E. F. Benson’s beloved Mapp and Lucia novels are sparkling, classic comedies of manners set against the petty snobberies and competitive maneuverings of English village society in the 1920s and 1930s.
The third and fourth novels in the series, Lucia in London (1927) and Mapp and Lucia (1931) continue the adventures of Benson’s famously irrepressible characters, and bring them into hilarious conflict. Both Mrs. Lucia Lucas and Miss Elizabeth Mapp are accustomed to complete social supremacy, and when one intrudes on the other’s territory, war ensues. Lucia sees herself as a benevolent—if ruthless—dictator, while Miss Mapp is driven by an insatiable desire for vengeance against the presumptuous interloper. Their skirmishes—played out on a battlefield composed of dinner parties, council meetings, and art exhibits—enliven the plots of Benson’s maliciously witty comedies.
“Lucia in London” starts back in Riseholme with pretty much the same crew. Still seething with “inductive reasoning” – ie rampant speculation. “Any news?” Oh my dear, yes. Condolences to the Lucases for dear Peppino’s aunt and then let’s starting trying to calculate the inherited windfall. There’s the house in London, near Harrods, filled with lovely heirlooms and the pearls. Georgie the – sometimes not so devoted – henchman of Lucia plays up to her sad bereavement, though Lucia’s delighted expectations occasionally peek out and she has to ruthlessly poke them back into hiding. Soon everyone is buzzing about on the green uttering “No!” – with emphasis, and we all know what that means.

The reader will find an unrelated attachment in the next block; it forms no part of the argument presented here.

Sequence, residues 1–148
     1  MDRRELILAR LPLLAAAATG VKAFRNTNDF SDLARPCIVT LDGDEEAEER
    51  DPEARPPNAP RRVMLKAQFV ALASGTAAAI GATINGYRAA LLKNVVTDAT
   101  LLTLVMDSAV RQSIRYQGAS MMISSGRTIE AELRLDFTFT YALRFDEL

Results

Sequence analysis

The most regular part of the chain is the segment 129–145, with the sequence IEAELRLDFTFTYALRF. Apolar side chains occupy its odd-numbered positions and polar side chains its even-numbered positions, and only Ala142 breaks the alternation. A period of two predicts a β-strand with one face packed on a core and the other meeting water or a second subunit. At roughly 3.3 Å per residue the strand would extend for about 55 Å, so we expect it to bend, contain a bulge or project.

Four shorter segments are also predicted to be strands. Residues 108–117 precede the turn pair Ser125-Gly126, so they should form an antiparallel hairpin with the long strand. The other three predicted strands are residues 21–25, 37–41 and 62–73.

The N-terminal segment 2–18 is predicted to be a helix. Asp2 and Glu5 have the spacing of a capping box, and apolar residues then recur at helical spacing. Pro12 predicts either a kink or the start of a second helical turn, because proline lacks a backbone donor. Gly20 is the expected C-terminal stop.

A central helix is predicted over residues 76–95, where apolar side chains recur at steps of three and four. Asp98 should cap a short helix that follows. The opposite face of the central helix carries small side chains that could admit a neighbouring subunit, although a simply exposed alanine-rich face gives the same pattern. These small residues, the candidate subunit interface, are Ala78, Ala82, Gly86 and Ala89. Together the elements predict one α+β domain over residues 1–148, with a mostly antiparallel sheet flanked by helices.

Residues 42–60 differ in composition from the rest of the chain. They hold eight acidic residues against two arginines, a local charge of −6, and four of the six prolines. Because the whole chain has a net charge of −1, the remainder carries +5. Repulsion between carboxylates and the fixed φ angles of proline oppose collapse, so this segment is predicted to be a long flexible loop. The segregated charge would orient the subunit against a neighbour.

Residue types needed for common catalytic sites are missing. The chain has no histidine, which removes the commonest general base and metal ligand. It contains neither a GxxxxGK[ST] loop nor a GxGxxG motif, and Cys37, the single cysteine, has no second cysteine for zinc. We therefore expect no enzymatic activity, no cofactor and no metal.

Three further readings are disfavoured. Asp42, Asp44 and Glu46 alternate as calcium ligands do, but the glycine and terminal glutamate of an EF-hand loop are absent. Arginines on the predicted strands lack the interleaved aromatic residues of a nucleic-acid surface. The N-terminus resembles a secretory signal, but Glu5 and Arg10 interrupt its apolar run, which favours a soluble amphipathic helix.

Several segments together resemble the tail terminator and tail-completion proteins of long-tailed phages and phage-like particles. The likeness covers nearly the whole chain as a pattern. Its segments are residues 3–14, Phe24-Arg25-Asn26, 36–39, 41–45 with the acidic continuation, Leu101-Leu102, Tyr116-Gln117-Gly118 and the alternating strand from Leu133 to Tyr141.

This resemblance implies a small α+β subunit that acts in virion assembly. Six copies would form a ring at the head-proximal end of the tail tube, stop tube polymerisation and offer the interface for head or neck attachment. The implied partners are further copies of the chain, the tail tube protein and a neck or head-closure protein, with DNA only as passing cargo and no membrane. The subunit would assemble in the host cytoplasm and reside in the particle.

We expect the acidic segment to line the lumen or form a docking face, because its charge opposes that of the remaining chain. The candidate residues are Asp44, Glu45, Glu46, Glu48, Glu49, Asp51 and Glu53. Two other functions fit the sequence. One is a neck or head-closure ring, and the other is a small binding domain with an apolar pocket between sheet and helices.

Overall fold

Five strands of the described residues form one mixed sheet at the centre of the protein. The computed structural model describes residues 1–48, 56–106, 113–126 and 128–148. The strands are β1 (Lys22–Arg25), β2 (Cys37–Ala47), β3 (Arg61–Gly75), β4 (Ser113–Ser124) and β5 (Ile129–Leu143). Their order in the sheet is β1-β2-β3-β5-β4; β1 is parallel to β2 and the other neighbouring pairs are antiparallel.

THIS SIMPLE WORD “NO” CONNOTED a great deal in the Riseholme vernacular. It was used, of course, as a mere negative, without emphasis, and if you wanted to give weight to your negative you added “Certainly not.” But when you used the word “No” with emphasis, as Daisy had used it from her bedroom window to Georgie, it was not a negative at all, and its signification briefly put was “I never heard anything so marvellous, and it thrills me through and through. Please go on at once, and tell me a great deal more, and then let us talk it all over.”
Then Georgie gets the joy of telling Olga in the utmost detail every little thing that has happened in Riseholme while she was on her gala American then Australian year long operatic tour. Delicious.
But wait! Are the Lucases contemplating a move to London? Surely not given how long and how often Lucia’s described it was a wasteland, a desert of artistic culture. But from Lucia’s sudden acceptance of “listening in,” auction bridge and Stravinsky it would appear so. What will Riseholme do without its Queen? Well, Georgie has an idea or two, treasonous as they might be. Daisy Quantock, meanwhile, who describes Lucia’s influence over the Riseholmites as “push” while Georgie calls it “leading,” says she won’t be talking about Lucia anymore. Even if she does gobble up the social news in the London paper.
Soon the Riseholmites are in a quandary. Do they get pissy that Lucia has left them far behind as she climbs the glittering ranks (or forces her way into Society, as some sniff) of London. Or do they cheer on a hometown’s own?
Now that Lucia is in London, she feels pangs – brief, mind you – of envy for dear old Riseholme and what’s going on there. Since she’s not yet the arbiter of all that is fashionable in London that she was in Riseholme, she has to grab onto whatever “billowing wave-ish” people and things she can. Meanwhile Riseholme has decided that pissy is how they will feel about how Lucia has cast off her old followers but feeling that way is nothing compared to how they respond to her snubs and the laughter of her BYTs who come down from London with her and mock them and their village. Nemesis is about to smack Lucia right in the puss.